Social Consequences of the Internet for Adolescents
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Social Consequences of the Internet for Adolescents
The Effects of Social Media on the Mental Health of Children and Teenagers
There has been a significant increase in depression and anxiety in children and teens over the past few years. Smartphones and social media have been pointed out as a great cause of depression and anxiety. A lot of parents and guardians concur and have reported seeing their children becoming more aggressive if they fail to use their smartphones. It appears that social media and smartphones contribute greatly to depression and anxiety. Recent researches show that children and teenagers who spend prolonged time Instagram, Facebook, and other online platforms report anxiety and depression at higher rates when compared to those who spent a little time on them (Strasburger et al. 758). The most significant difference between today’s children and teenagers and the earlier generation teenagers is that they spend a lot of time on social media trying to connect with their friends and less time interacting with their friends in person. Other teens don’t succeed in connecting with their friends offline due to various reasons. Some of them feel unaccepted in their local communities or schools, and some are isolated geographically. For these teenagers, the electronic connection can be lifesaving. It is evident that increased depression arises from how social media users form connections electronically (Valkenburg and Peter 4). Children and teenagers are continuously getting tech-savvy today. The impact of long-term use of social media on the mental health of children and adolescents should be taken seriously. Even though using social media has a number of benefits, such as easier to communicate with others and develop better social skills, it also has some adverse effects, especially on the mental health of these children. Therefore, young people should be educated on how to protect themselves from such potential hazards.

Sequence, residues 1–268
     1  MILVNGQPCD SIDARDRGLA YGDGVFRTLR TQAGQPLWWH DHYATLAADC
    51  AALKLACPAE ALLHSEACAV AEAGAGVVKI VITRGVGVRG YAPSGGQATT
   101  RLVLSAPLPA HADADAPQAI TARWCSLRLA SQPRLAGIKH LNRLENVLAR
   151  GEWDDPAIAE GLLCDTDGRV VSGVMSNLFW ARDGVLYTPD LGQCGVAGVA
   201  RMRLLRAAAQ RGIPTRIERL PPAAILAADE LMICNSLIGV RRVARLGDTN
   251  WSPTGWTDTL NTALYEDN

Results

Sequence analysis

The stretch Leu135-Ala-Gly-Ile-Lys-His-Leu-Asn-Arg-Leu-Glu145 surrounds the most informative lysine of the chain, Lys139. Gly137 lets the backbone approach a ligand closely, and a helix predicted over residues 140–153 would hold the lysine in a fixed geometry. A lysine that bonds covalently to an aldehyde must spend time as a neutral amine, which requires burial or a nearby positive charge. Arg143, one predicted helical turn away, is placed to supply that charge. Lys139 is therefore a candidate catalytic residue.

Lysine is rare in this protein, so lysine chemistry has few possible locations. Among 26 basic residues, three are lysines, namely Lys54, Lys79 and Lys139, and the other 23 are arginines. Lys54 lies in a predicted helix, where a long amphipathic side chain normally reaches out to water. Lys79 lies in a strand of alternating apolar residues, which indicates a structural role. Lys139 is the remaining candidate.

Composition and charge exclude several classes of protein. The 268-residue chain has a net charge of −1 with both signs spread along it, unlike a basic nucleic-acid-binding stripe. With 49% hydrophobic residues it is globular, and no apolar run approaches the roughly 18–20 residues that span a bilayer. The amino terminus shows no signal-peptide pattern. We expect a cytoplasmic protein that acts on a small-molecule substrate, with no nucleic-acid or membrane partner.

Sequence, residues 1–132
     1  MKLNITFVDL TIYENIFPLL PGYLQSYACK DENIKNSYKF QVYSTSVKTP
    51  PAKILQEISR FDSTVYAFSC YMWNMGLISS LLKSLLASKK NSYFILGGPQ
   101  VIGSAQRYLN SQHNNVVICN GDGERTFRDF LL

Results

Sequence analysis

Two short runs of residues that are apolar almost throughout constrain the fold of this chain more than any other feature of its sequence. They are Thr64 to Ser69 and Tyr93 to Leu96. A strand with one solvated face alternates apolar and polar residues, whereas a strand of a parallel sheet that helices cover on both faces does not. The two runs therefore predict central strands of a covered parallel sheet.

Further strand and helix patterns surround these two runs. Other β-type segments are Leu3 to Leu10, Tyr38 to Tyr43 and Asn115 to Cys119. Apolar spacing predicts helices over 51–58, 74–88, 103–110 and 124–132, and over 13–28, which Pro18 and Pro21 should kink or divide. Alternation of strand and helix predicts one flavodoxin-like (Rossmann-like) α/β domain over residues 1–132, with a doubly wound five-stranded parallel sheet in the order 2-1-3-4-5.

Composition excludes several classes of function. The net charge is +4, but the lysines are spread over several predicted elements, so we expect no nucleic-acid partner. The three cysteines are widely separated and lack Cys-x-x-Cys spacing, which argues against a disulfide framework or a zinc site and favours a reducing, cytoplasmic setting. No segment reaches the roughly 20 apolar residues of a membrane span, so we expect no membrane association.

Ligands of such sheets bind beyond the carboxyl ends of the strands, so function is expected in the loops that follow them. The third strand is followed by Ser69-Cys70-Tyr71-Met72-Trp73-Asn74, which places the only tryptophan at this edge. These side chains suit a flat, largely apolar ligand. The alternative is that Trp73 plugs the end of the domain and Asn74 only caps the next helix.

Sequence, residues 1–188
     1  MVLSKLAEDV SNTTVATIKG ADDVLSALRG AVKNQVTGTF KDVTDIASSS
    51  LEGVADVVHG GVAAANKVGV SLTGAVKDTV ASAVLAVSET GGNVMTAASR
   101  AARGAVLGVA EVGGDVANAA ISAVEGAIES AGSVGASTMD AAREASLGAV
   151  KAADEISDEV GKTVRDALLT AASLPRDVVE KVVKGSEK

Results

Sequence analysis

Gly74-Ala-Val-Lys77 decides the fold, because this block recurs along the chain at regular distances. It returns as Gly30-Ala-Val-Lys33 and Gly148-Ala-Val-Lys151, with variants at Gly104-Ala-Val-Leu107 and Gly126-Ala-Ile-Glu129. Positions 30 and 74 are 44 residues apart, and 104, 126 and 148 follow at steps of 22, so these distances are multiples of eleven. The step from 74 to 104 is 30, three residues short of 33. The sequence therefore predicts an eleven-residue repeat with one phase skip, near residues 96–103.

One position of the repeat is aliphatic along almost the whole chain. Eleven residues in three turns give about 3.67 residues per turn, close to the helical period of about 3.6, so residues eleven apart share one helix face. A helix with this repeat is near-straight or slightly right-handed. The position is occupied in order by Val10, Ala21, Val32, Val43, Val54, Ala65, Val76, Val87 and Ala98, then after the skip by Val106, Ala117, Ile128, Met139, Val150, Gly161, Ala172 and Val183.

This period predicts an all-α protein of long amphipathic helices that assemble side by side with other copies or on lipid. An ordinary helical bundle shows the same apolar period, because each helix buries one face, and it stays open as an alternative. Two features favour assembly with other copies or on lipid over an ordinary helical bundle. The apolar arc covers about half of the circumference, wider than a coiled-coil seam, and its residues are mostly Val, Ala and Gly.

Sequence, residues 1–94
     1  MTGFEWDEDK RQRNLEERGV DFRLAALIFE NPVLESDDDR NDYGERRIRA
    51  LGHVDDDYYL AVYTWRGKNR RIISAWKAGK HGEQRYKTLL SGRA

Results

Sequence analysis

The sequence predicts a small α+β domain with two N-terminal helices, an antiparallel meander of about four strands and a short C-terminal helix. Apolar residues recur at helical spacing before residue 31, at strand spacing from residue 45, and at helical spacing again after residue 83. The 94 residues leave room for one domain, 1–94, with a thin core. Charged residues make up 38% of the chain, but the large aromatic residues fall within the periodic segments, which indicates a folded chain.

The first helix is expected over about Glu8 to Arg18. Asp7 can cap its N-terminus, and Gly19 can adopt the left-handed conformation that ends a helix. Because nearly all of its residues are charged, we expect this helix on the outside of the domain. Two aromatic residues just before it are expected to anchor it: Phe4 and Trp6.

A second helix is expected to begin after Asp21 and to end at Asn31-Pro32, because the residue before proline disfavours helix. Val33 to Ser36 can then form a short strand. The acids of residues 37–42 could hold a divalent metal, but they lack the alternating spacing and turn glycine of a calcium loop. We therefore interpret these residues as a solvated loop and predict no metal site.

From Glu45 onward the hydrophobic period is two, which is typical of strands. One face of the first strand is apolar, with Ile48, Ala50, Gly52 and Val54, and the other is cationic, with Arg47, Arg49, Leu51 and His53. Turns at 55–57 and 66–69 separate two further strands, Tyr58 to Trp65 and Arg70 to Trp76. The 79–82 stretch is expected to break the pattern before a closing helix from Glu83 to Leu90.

A study conducted by the American Academy of Pediatrics revealed the influence of social media use on teenagers and children. The study found out that ‘Facebook depression’ is among the risk factors that young adults might come across with excessive use of social media. It is a disorder associated with spending excessive time in the online world and then feeling unaccepted among peers online. Facebook depression can lead to withdrawal and anxiety, along with the urge to engage in dangerous activities such as drug abuse, unwanted sex, or self-destructive behaviors just as depression in the offline world. This study found out that the relationship that teenagers have on social media networking websites has increased by 22%. Many teens access their favorite social sites several times a day. The study states that the use of the internet and smartphones is responsible for causing social and emotions developments in no small part of this generation. Together with Facebook depression, excessive use of social media includes sexting, cyberbullying, and access to inappropriate content. Parents and guardians can do several things to curb these risks. They should restrict access to Facebook to children under the age of 13. If the children have reached the age of starting to engage more independently online, then parents should continuously communicate with them to get to know their online activity habits. They should also set an excellent example of how to use social media. Also, coming up with a ground-rule is a unique way to make the internet safe.